Fusaro Lake WAVE Living Lab 2022

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Area Phlegraean Fields
Place Bacoli, Fusaro Lake
Country Italy
Topics archeological potential, fragmented landscape, water shapes
Author(s) Cesaro Stefano, De Rosa Vincenzo, Di Caprio Pasquale, Giordano Giuseppna, Reddy Bhavyatha


  • Lake Fusaro turns out to be a natural element that from the earliest Greek civilizations was essential for anthropic organization and development, today it is not only home to historical cultural heritage but there is a constant development of environments that show a fascinating biodiversity
  • The characteristics of the place suggest the possibility of defining a planning according to a type of liveability that is more ecological, social and aesthetically pleasing

Location and scope

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Water as a natural system

Geomorphology, typologies and dynamics of water areas

  • Lake Fusaro is included in the limits of the municipality of Bacoli belonging to the vast South-West area of ​​Naples called Campi Flegrei, this is a large caldera with a diameter of 15 km whose limits are defined by the Posillipo hill, the Camaldoli hill, the acropolis of Cuma and Monte di Procida, in this circuit there are numerous craters. The Phlegraean word derives from the Greek flégo that is "burn" or "ardo", however, it does not refer to eruptive manifestations since in Roman times the volcano was in a quiet state, the attribute seems to refer to the presence of numerous fumaroles and thermal waters, these forms of hydrothermal manifestations are typical of the locality
  • In ancient times, Lake Fusaro was identified with the mythical Acherusia palus (III CENTURY BC) that is the infernal swamp generated by the Acheron river, the local populations cultivated mussels in the lake and oysters today there are mussel farms which are sometimes interrupted due to pollution due to the incorrect disposal of black water and waste
  • Please identify the water bodies' catchment areas, tributaries and floodplains
  • The Campi Flegrei area appears to be like a lunar landscape, you can see several depressed areas, that is, ancient calderas due to the volcanic activity of the site, some of them were filled with water forming lakes, for example Lake Averno; others, such as the Solfatara, are the expression of the volcanic activity that manifests itself through the fumaroles. In particular, the Fusaro lake was formed with the closure of the stretch of sea between 2 hamlets of Bacoli, Torregaveta and Cuma, today the coast separates the lake from the sea forming an exceptional ecosystem where the typical coastal dune is visible, composed of a variegated spontaneous vegetation called Mediterranean scrub, in addition to the lake it has two water flows that flow into the Tyrrhenian Sea; the origin of Lake Miseno is very similar, that is, separated from the sea by a sandy barrier about 200 meters wide and connected to the sea by two streams.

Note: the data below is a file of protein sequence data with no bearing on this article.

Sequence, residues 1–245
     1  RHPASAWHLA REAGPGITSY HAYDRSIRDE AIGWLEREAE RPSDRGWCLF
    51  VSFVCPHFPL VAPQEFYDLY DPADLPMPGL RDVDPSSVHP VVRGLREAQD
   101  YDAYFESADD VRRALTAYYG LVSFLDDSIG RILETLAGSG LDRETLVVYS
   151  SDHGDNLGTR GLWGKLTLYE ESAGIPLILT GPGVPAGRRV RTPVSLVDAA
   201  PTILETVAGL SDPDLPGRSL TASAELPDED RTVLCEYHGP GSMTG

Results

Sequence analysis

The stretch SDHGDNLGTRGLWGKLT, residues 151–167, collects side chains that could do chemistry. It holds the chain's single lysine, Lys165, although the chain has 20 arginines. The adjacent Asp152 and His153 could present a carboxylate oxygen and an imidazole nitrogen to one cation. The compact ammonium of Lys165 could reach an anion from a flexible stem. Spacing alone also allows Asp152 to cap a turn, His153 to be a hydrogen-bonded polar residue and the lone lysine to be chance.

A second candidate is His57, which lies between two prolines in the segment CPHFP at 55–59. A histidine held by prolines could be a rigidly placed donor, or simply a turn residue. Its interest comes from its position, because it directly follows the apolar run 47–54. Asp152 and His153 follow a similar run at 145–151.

•  In the summer of 2011 and 2017, particular precipitation values ​​were recorded which caused particular and devastating alluvial phenomena in a single day in the area adjacent to Lake Fusaro but were nevertheless episodic events

Water as a living space

  • Located north of Naples, in the territory of the municipality of Bacoli, Lake Fusaro was most often classified by geographers as a lago di barra marina. A thin coastal strip separates the lake from the sea forming an exceptional ecosystem of enormous environmental interest in which the typical coastal dune is visible, composed of a varied spontaneous vegetation, the so-called Mediterranean scrub. Along the coastal strip and in the internal part up to the slopes of Mount Cuma it is easy to meet: the zigolo, the chamomile, the rosemary, the holm oak, the strawberry tree, the mastic tree, the alanterno, the juniper, the tamaro, the butcher's broom and the fig of the Hottentots. The brackish lagoon of Fusaro (known since the third century BC as Acherusia Palus) thanks to the presence of fresh water springs, has been able to offer the world superior quality oysters for decades. As for the flora, the habitats of the meadows are located in the surroundings of Lake Fusaro. This type of vegetation was maintained by mowing or grazing. Depending on the state of abandonment, these habitats are slowly and naturally evolving towards more mature forms of shrub vegetation. More precisely, Lake Fusaro was used for aquaculture during the Roman era and still hosts fish and mussel crops. Today, it is affected by the artificialization of most of the embankments, by the presence of the intensive cultivation of mussels and by various sewage drains.